Jack Dreyfus, founder of the Dreyfus Fund, became a major proponent of phenytoin as a means to control nervousness and depression when he received a prescription for Dilantin in 1966. Dreyfus' book about his experience with phenytoin, A Remarkable Medicine Has Been Overlooked, sits on the shelves of many physicians courtesy of the work of his foundation. Despite more than $70 million in personal financing, his push to see phenytoin evaluated for alternative uses has had little lasting effect on the medical community. This was partially due to Parke-Davis's reluctance to invest in a drug nearing the end of its patent life, and partially due to mixed results from various studies. Jack Dreyfus, was the founder of the Dreyfus Fund, and is widely publicized for being the man who invented the commonplace mutual fund[citation needed]. After selling the fund during the early 1970s he became a major proponent of phenytoin as a means to control nervousness and depression when... Clinical depression (also called severe depression disorder, major depression disorder) is a state of intense sadness, melancholia or despair that has advanced to the point of being disruptive to an individuals social functioning and/or activities of daily living. ... 1966 (MCMLXVI) was a common year starting on Saturday (the link is to a full 1966 calendar). ...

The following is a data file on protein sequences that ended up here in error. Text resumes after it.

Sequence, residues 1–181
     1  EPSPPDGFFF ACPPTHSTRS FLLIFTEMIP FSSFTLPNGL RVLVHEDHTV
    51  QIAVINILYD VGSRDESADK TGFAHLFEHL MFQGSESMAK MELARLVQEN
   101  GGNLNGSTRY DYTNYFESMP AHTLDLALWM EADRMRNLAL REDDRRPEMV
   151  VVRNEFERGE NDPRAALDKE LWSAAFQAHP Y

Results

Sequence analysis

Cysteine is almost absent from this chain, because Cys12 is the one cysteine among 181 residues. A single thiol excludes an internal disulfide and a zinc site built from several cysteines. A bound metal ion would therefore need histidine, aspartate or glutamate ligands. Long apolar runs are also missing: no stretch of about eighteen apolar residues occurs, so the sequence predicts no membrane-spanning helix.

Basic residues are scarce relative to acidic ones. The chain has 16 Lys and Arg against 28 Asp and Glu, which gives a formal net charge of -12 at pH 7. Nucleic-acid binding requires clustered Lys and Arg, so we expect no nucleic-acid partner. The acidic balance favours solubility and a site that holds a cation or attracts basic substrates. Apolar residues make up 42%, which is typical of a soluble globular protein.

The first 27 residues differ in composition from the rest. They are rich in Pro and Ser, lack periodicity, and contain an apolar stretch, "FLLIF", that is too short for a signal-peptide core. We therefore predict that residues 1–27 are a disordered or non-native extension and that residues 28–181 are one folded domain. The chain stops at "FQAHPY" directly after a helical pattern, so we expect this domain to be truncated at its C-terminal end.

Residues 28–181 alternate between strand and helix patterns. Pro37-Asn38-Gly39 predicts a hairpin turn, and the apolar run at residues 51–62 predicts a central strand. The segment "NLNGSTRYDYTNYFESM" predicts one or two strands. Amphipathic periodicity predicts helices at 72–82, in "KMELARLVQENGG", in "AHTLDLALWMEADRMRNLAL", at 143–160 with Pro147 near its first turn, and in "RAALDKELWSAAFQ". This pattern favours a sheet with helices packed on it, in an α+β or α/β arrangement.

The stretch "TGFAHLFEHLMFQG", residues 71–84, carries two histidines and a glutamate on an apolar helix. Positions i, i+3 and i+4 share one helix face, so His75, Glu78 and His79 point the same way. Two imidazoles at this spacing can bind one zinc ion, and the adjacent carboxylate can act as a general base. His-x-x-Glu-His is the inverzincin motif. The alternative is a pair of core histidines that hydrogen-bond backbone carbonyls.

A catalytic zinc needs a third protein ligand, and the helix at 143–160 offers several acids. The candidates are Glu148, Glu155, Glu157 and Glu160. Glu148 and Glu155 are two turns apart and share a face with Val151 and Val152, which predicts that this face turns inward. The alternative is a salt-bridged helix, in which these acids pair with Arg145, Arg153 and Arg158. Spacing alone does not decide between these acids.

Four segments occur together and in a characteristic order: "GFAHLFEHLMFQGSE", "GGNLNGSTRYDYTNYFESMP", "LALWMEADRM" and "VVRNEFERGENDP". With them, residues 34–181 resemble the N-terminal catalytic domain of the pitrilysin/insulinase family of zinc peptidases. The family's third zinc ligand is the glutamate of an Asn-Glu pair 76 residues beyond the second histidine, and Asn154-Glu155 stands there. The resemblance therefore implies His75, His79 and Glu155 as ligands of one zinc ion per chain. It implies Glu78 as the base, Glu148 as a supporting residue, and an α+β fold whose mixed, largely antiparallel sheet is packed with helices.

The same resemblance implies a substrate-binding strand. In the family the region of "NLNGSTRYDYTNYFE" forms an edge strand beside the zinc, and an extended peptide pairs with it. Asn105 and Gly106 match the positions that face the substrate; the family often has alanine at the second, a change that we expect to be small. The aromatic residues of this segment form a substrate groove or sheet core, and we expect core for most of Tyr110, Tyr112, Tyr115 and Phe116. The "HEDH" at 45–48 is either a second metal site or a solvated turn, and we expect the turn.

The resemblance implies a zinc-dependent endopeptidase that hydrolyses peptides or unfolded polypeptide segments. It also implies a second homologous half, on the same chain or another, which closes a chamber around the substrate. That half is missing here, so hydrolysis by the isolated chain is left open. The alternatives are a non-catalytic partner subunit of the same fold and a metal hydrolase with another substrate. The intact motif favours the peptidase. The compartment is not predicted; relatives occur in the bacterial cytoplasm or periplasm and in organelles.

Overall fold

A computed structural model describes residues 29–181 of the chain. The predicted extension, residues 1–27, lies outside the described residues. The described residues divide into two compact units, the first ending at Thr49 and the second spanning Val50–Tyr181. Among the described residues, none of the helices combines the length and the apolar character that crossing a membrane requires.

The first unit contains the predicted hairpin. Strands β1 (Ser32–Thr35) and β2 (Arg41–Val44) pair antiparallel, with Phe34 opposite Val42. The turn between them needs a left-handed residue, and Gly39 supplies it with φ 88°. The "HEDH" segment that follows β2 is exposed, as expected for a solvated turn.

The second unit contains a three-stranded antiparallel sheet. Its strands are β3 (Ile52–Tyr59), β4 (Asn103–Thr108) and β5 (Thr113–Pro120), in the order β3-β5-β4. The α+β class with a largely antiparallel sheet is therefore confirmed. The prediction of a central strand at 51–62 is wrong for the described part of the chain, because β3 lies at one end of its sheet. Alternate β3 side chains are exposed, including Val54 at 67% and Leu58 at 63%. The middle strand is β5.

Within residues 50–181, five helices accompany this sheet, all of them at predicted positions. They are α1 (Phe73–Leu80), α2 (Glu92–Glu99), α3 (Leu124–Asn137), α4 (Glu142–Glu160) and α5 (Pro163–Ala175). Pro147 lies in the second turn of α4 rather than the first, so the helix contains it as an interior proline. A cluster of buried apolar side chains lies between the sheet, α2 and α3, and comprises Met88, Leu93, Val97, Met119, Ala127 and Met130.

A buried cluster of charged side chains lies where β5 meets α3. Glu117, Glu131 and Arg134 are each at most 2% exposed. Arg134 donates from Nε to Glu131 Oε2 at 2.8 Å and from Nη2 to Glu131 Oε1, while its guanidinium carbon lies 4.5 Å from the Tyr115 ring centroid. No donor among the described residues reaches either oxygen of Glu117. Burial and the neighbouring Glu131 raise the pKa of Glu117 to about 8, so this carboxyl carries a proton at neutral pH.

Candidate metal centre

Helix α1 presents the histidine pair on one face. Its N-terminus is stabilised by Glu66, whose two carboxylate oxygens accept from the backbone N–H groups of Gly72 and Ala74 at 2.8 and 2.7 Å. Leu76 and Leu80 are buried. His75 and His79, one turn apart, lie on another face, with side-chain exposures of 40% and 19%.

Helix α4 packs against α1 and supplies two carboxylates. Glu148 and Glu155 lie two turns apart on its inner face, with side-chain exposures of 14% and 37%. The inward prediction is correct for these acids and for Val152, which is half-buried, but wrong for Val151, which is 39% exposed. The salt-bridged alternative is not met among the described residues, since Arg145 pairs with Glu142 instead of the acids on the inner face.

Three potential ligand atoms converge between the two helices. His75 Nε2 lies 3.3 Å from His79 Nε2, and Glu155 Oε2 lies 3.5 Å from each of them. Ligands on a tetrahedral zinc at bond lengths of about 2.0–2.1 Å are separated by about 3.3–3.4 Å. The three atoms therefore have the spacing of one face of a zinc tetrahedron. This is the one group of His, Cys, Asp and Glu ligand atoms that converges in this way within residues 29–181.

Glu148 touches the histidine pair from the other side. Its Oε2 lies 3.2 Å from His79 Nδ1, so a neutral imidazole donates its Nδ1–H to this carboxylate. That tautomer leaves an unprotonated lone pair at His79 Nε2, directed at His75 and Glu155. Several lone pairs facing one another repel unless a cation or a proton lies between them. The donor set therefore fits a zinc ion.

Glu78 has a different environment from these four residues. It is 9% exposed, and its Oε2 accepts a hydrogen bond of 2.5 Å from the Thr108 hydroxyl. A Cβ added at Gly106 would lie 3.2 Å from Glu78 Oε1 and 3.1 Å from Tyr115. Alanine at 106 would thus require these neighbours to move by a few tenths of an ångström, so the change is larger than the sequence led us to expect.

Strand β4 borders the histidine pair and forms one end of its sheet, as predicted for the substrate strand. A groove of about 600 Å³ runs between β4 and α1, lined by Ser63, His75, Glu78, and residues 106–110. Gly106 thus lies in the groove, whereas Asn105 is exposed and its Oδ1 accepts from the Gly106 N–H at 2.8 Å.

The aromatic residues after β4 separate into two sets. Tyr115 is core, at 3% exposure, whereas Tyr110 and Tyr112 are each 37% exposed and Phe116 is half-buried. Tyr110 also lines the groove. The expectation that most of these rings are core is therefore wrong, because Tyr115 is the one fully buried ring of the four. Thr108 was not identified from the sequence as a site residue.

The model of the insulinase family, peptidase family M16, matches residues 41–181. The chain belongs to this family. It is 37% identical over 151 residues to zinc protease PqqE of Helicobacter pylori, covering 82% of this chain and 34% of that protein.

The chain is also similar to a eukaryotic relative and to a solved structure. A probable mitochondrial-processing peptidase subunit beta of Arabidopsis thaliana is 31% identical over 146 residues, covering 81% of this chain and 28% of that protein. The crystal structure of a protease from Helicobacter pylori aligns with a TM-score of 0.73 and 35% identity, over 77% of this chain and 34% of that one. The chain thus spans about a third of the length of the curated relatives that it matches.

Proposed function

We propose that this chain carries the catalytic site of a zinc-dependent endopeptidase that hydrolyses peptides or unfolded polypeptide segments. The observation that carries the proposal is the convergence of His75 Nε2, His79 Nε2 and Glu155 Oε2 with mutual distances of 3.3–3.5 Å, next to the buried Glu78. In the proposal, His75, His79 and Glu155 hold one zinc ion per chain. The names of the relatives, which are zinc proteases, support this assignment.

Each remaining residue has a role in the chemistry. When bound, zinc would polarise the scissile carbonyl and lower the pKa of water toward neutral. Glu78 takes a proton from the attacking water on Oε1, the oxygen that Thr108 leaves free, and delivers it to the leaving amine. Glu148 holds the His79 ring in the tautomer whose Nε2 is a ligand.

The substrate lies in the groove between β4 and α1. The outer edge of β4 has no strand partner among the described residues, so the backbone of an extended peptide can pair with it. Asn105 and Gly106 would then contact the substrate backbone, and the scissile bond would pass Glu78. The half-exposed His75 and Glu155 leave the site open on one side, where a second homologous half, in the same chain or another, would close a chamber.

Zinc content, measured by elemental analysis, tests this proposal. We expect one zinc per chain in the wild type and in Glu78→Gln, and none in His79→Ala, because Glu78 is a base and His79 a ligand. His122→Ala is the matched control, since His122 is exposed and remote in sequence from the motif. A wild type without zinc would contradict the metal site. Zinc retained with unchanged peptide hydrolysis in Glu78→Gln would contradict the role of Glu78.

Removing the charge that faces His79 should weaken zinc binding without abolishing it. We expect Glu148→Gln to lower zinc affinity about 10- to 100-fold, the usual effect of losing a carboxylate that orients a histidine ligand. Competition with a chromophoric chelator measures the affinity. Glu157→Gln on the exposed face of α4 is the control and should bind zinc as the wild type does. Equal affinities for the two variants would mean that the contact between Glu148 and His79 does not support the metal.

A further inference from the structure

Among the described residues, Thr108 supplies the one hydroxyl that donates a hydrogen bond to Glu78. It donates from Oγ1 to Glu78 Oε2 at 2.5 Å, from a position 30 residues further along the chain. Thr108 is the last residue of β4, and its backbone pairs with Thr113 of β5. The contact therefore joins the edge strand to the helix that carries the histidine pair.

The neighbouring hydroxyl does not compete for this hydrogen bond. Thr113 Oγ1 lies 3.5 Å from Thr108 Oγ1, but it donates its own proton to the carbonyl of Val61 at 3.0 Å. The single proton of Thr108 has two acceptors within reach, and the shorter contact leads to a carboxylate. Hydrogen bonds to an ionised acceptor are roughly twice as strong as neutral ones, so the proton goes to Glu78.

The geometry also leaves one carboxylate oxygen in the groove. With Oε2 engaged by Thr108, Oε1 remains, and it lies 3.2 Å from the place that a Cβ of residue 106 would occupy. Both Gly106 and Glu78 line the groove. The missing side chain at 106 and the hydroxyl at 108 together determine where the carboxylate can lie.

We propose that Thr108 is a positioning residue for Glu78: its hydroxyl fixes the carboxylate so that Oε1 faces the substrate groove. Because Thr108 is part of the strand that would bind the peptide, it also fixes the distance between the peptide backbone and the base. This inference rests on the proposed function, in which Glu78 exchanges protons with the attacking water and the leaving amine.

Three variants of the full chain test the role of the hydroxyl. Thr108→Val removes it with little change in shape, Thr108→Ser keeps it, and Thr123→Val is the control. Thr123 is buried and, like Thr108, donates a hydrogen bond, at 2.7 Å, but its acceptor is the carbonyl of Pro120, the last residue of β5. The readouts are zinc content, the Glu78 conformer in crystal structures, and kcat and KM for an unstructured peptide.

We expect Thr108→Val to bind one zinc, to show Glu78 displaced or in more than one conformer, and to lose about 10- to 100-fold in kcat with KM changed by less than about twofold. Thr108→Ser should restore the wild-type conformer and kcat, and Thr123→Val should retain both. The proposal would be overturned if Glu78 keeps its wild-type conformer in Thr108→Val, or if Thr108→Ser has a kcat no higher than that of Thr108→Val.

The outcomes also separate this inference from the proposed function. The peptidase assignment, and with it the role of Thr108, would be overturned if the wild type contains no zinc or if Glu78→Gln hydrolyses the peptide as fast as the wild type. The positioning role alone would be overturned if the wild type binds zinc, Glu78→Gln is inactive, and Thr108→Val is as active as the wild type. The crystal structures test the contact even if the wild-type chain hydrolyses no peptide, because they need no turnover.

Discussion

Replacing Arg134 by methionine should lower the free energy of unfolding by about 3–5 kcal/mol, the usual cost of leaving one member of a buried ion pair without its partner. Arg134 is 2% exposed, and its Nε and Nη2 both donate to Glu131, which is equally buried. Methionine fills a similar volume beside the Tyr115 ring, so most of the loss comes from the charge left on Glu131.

Dilantin made an appearance in the 1962 novel One Flew Over the Cuckoo's Nest by Ken Kesey, both as an anticonvulsant and as a mechanism to control inmate behavior. One Flew Over the Cuckoos Nest (Paperback Edition) One Flew Over the Cuckoos Nest (1962) is a fiction novel by Ken Kesey. ... Ken Kesey - 1970 By Robert Altman Ken Elton Kesey (September 17, 1935 – November 10, 2001) was an American author, best known for his novel, One Flew Over the Cuckoos Nest, and as a (counter) cultural figure who, some consider, was a link between the beat generation of the 1950s... The anticonvulsants, sometimes also called antiepileptics, belong to a diverse group of pharmaceuticals used in prevention of the occurrence of epileptic seizures. ...